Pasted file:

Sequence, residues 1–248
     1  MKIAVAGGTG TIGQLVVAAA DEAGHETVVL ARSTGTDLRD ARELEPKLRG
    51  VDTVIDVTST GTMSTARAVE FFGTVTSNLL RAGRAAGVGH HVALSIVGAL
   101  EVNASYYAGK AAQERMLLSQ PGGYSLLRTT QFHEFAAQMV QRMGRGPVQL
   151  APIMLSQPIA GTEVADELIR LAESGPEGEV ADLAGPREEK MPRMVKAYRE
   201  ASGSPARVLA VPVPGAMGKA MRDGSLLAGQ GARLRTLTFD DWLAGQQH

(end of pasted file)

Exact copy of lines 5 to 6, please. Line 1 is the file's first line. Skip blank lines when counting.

   151  APIMLSQPIA GTEVADELIR LAESGPEGEV ADLAGPREEK MPRMVKAYRE
   201  ASGSPARVLA VPVPGAMGKA MRDGSLLAGQ GARLRTLTFD DWLAGQQH